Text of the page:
We are all necessarily prisoners of our own place and time, and thus, I was in my youth necessarily a fan of “The Handmaid’s Tale.” I read it; I discussed it very earnestly with like-minded friends; I copied author Margaret Atwood’s muted style and dystopian preoccupations in my own, less competent fiction.
But that youth has fled, alas; it has been two decades since I last waxed indignant about the drinking age, or picked up my copy of the book. Even that copy — paperback, dogeared and waterstained and threatening to come apart at the spine — has been left behind somewhere, presumably the same place I lost my velvet chokers and my Suzanne Vega CDs.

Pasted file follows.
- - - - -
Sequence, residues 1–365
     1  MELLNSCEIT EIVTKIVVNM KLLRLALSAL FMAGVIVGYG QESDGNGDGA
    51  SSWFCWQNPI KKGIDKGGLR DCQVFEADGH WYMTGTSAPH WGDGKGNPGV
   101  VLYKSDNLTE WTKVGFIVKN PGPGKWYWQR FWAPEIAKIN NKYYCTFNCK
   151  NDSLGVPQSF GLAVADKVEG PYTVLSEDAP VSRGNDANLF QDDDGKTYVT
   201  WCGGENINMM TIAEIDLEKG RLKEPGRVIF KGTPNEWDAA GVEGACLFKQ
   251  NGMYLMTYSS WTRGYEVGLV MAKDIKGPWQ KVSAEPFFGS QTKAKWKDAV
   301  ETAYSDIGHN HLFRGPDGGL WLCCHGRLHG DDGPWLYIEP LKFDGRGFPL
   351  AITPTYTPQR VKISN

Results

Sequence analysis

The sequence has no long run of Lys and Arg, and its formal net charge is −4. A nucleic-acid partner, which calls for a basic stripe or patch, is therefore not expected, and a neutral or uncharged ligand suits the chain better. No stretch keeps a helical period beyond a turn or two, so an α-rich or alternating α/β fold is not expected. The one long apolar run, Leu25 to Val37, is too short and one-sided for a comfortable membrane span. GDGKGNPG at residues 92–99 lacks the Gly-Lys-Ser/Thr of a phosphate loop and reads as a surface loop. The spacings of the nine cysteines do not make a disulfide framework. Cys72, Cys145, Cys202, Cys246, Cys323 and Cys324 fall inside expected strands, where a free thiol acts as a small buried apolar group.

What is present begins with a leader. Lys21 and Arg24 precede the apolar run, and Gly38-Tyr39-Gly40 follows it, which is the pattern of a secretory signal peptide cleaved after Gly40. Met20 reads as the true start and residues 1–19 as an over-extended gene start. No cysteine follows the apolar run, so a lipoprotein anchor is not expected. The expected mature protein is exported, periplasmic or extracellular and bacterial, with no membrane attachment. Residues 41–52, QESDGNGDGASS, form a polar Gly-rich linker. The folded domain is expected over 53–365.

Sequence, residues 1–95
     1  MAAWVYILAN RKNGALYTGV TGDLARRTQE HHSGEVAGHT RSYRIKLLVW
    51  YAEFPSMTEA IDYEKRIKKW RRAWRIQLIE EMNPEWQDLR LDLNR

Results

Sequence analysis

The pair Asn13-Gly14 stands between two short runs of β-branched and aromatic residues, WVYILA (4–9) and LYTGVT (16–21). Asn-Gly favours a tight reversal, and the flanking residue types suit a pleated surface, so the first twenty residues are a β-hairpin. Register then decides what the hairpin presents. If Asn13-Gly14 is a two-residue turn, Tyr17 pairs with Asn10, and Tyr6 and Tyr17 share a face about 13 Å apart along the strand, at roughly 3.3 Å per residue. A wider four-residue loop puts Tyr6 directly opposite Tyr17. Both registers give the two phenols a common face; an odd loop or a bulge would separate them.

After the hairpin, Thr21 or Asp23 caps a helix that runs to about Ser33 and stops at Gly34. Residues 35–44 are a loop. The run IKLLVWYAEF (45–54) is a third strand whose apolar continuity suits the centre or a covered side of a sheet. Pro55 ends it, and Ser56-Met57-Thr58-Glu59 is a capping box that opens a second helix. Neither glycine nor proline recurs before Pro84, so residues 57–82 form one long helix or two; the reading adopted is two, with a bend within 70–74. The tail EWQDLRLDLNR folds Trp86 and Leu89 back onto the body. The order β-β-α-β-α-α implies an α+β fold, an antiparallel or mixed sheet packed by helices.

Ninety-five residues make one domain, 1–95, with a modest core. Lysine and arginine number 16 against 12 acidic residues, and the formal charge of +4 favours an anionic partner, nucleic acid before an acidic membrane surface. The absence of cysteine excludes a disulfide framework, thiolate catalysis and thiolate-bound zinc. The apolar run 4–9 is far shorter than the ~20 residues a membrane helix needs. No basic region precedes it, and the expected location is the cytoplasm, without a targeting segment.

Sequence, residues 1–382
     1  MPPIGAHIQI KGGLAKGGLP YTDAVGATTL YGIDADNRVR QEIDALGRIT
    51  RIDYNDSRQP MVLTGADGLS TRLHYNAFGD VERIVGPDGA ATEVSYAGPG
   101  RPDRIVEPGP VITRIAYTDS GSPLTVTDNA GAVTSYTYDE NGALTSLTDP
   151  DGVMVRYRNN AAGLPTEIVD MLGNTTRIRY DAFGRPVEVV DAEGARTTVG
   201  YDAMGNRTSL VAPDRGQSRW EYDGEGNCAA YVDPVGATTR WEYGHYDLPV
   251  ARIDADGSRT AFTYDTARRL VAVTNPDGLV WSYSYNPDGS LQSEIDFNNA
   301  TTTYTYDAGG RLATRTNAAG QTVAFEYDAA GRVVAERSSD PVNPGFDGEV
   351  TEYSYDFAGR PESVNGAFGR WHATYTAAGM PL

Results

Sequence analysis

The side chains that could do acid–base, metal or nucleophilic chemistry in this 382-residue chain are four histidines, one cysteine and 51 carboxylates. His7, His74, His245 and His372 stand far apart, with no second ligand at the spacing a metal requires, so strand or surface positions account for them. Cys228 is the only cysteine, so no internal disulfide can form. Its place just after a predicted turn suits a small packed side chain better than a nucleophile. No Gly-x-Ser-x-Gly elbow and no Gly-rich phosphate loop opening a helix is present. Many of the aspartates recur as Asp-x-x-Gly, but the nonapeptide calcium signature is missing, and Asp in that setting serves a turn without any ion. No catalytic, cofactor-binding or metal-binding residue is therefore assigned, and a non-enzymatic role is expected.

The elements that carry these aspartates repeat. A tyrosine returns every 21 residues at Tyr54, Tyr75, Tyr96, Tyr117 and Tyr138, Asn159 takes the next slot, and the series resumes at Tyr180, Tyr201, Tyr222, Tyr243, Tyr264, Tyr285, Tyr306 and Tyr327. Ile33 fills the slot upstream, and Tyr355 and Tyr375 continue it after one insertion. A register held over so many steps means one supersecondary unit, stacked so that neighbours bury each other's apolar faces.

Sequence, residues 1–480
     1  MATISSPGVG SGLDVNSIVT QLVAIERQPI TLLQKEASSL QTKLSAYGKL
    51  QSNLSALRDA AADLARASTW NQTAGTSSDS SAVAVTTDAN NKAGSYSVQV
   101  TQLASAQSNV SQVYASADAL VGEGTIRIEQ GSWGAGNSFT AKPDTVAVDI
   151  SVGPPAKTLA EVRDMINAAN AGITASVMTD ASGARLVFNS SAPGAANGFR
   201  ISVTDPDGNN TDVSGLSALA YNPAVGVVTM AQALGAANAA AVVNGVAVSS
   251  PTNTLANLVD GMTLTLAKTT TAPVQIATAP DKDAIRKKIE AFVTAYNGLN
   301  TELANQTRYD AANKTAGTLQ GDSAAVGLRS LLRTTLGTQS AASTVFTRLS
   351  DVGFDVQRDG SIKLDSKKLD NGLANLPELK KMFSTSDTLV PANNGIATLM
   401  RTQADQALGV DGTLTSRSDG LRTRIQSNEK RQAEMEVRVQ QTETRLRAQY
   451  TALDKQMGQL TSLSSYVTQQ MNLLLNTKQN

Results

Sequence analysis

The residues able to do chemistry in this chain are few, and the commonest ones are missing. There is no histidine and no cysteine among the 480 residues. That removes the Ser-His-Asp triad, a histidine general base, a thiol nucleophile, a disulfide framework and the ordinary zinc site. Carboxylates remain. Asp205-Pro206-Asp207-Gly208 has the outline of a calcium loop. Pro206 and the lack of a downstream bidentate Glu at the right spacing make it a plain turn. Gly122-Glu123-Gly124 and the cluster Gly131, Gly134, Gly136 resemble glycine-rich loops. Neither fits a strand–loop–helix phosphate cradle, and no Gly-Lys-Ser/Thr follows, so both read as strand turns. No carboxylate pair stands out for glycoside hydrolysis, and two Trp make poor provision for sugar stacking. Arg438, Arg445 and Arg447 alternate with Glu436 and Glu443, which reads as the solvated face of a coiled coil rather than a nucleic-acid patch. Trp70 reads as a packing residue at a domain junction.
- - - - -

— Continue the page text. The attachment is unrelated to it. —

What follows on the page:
However, a new television show has been made out of the book, and is attracting rave reviews, less for its acting, script, or stunning visuals than for its “unexpectedly timely” message.
According to the fever swamp left we have been living “The Handmaid’s Tale” since every Republican president.